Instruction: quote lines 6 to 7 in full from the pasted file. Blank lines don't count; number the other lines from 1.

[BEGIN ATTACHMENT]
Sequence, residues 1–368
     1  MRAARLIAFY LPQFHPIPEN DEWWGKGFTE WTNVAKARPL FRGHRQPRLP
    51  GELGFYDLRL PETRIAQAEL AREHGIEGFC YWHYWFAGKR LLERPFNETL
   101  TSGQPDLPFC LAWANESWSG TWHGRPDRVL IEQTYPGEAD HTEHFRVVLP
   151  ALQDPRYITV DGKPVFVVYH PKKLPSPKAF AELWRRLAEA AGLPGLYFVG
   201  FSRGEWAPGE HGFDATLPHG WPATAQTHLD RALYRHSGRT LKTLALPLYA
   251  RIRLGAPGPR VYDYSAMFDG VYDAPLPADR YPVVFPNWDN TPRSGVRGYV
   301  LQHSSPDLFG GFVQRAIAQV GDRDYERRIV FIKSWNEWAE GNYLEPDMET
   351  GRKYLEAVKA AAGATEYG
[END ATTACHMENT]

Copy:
   201  FSRGEWAPGE HGFDATLPHG WPATAQTHLD RALYRHSGRT LKTLALPLYA
   251  RIRLGAPGPR VYDYSAMFDG VYDAPLPADR YPVVFPNWDN TPRSGVRGYV